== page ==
Why do we get itchy?
An itch is the body’s response to an irritant, but the evolutionary function of itching remains a mystery. Dead skin cells, hair, dust or the histamines our bodies produce during an allergic reaction trigger most everyday itches. Troublesome itching can be a symptom of skin conditions, while some itches are purely psychological. Once believed to be transmitted to the brain via the same circuitry as pain, itches actually have their own dedicated messengers. Recent research suggests we feel an itch when these specialised nerve cells release a molecule called neuropeptide natriuretic polypeptide b (Nppb). Our brain’s immediate reaction is to scratch, dislodging the irritant or at least distracting us from the itch. Oddly though, scratching often increases skin irritation so it’s best avoided or done gently.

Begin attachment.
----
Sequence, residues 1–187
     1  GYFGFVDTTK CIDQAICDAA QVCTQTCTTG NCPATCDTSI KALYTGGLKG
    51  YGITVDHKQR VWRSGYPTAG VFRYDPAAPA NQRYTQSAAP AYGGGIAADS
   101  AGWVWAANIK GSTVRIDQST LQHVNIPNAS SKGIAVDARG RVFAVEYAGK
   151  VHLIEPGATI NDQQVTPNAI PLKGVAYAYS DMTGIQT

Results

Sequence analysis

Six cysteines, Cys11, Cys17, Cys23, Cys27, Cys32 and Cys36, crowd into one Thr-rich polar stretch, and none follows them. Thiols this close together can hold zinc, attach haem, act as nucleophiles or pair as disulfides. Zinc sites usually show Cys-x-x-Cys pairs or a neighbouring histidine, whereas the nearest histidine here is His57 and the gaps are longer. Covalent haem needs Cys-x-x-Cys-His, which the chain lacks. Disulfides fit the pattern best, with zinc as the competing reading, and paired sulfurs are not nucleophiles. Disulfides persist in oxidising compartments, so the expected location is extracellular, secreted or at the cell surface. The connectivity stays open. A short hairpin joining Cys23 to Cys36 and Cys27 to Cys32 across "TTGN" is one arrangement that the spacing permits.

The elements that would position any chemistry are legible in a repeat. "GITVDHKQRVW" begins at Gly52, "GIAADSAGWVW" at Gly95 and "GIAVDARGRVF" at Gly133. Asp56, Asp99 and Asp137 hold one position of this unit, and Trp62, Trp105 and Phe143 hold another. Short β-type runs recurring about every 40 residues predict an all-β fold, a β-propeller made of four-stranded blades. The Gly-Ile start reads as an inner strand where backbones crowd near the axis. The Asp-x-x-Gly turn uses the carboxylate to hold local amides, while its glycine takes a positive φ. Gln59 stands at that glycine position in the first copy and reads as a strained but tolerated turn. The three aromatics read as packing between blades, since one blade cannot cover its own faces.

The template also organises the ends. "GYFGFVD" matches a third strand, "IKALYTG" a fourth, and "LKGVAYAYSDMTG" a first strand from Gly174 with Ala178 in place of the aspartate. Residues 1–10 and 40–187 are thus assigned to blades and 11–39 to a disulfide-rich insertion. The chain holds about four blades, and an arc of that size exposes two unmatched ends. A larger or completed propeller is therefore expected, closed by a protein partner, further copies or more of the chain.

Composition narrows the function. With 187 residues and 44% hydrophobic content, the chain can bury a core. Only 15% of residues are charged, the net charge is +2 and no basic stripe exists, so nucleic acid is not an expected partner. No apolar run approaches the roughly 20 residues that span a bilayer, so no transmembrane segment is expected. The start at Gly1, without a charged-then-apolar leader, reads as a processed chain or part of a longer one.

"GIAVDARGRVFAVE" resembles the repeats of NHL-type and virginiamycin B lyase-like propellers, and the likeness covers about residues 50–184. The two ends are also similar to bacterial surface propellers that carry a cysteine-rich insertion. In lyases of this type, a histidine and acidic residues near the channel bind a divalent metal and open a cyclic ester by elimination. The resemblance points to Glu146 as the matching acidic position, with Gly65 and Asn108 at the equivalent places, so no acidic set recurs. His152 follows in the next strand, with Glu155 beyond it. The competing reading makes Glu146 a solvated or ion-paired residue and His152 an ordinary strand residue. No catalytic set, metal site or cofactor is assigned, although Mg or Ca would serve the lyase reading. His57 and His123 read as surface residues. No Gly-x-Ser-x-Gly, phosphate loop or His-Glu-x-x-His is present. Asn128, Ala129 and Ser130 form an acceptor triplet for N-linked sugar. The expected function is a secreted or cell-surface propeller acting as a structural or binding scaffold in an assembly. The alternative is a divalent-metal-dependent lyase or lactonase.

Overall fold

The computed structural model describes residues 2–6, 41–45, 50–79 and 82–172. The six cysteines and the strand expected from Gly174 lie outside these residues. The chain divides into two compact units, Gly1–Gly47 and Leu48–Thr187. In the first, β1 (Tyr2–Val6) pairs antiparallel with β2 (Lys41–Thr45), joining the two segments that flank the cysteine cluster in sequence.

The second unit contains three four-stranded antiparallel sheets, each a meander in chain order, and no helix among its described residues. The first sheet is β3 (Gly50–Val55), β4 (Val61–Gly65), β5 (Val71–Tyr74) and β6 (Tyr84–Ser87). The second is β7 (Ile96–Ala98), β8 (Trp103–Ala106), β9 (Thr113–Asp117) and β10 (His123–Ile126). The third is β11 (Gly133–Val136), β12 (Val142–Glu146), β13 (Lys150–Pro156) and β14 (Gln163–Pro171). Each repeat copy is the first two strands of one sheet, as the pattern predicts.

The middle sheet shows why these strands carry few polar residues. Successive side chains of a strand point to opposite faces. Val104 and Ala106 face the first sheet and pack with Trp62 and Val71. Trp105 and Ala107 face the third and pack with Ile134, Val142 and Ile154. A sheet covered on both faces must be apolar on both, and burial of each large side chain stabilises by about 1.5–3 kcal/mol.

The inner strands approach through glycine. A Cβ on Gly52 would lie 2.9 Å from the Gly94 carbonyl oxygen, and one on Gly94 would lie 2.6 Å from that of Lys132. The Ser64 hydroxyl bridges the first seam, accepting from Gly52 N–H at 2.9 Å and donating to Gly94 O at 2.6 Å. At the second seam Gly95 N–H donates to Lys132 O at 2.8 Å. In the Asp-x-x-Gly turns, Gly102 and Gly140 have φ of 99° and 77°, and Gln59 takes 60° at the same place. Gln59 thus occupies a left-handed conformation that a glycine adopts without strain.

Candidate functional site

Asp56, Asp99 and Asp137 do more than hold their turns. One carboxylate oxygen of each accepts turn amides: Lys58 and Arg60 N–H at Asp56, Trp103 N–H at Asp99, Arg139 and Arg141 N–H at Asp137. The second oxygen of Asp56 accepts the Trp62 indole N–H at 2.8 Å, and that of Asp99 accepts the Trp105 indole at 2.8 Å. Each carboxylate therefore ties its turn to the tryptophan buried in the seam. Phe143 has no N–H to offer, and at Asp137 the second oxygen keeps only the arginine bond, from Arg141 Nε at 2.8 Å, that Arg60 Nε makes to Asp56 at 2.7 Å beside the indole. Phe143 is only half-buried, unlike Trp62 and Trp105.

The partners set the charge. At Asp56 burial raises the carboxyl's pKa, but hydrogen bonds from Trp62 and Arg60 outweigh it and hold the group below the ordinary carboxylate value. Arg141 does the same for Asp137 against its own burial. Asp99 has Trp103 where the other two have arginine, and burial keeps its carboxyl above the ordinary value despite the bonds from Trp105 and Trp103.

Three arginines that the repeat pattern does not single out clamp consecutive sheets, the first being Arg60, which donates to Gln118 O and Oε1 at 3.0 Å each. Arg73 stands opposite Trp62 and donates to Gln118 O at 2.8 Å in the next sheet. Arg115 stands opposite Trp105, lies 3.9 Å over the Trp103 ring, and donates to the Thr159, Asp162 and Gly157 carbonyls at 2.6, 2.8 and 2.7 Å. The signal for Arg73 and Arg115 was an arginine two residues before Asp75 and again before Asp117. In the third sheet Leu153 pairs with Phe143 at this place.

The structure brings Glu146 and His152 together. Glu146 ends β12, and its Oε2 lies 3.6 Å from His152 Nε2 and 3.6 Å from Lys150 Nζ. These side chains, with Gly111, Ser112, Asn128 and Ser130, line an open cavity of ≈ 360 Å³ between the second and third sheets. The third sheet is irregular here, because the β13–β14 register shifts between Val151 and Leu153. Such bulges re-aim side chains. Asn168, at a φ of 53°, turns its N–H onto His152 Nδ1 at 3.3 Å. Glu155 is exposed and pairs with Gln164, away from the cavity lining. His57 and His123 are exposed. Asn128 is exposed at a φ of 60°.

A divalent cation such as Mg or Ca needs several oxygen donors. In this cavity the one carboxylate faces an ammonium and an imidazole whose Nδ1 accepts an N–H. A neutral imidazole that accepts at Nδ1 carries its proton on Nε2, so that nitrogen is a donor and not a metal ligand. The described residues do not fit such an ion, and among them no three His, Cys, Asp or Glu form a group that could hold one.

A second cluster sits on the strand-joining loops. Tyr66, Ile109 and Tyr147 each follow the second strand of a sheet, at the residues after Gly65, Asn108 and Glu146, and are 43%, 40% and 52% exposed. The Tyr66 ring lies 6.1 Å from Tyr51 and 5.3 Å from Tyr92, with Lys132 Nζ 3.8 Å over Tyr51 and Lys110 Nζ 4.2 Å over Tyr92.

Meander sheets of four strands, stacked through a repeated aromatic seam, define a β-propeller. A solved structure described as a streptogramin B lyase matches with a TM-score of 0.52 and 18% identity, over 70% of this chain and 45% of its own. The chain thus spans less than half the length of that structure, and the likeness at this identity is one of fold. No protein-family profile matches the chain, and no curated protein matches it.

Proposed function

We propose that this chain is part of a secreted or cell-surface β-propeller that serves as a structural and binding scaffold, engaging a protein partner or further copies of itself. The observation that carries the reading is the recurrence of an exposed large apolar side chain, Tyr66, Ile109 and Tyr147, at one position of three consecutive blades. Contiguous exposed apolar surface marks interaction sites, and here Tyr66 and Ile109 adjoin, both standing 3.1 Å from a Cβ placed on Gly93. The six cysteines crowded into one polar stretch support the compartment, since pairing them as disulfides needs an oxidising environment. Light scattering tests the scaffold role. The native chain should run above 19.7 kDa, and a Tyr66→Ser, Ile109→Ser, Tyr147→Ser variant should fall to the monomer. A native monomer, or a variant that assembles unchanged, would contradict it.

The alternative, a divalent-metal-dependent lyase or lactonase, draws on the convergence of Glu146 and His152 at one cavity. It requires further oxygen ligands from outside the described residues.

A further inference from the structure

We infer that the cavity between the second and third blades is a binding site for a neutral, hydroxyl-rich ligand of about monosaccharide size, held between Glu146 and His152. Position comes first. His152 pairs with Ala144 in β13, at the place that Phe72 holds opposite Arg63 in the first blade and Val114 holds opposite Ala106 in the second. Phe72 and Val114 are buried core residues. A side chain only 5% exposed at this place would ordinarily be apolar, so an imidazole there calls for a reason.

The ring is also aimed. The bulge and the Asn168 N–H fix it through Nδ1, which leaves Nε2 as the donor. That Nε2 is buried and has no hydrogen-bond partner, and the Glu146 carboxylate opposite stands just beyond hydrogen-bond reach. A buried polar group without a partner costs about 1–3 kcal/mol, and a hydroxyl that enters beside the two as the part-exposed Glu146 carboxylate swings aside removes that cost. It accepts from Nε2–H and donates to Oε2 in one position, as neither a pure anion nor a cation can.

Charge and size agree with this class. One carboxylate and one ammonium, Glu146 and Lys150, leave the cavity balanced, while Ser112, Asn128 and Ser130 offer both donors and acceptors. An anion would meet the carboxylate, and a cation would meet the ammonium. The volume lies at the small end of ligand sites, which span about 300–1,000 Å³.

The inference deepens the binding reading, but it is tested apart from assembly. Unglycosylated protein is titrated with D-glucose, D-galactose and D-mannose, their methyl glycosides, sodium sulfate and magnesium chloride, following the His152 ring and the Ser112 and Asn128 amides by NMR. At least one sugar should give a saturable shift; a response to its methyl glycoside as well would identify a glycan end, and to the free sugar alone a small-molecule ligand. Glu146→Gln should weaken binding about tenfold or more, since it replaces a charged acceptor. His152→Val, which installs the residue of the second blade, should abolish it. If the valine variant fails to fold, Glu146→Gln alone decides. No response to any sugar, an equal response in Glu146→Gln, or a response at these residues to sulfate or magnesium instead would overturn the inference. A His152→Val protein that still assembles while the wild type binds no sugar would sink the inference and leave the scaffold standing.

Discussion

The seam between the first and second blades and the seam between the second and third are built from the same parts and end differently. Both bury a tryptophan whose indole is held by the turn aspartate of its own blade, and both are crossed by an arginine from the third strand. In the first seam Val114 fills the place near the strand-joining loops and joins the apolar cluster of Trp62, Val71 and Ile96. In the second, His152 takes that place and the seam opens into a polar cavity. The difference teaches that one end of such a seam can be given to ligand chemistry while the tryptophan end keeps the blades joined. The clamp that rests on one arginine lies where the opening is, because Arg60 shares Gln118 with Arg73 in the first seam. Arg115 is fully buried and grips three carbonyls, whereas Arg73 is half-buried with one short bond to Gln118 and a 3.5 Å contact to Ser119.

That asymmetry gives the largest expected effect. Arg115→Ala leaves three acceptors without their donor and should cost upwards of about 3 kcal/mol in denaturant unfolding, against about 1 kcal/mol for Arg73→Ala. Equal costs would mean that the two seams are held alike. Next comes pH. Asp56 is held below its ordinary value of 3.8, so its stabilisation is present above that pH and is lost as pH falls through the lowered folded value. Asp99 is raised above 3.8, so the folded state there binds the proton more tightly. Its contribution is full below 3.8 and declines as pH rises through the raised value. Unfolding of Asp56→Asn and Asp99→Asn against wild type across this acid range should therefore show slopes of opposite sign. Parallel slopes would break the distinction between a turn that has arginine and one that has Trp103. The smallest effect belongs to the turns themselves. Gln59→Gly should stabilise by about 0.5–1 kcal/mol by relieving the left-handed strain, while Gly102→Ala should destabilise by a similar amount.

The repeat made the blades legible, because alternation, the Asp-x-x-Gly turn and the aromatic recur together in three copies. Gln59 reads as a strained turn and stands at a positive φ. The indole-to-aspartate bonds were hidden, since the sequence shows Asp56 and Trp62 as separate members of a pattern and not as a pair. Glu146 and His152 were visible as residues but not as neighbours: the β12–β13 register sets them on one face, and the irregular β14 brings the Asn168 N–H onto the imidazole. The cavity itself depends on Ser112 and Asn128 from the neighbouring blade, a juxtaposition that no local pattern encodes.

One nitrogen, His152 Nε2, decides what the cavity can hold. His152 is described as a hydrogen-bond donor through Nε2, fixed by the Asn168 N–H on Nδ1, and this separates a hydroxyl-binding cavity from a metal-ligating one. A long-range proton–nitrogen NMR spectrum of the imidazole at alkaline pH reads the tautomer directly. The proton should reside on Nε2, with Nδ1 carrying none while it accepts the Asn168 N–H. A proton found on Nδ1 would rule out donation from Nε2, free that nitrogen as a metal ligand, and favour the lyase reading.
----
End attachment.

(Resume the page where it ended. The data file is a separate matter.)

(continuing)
Answered by Alex Cheung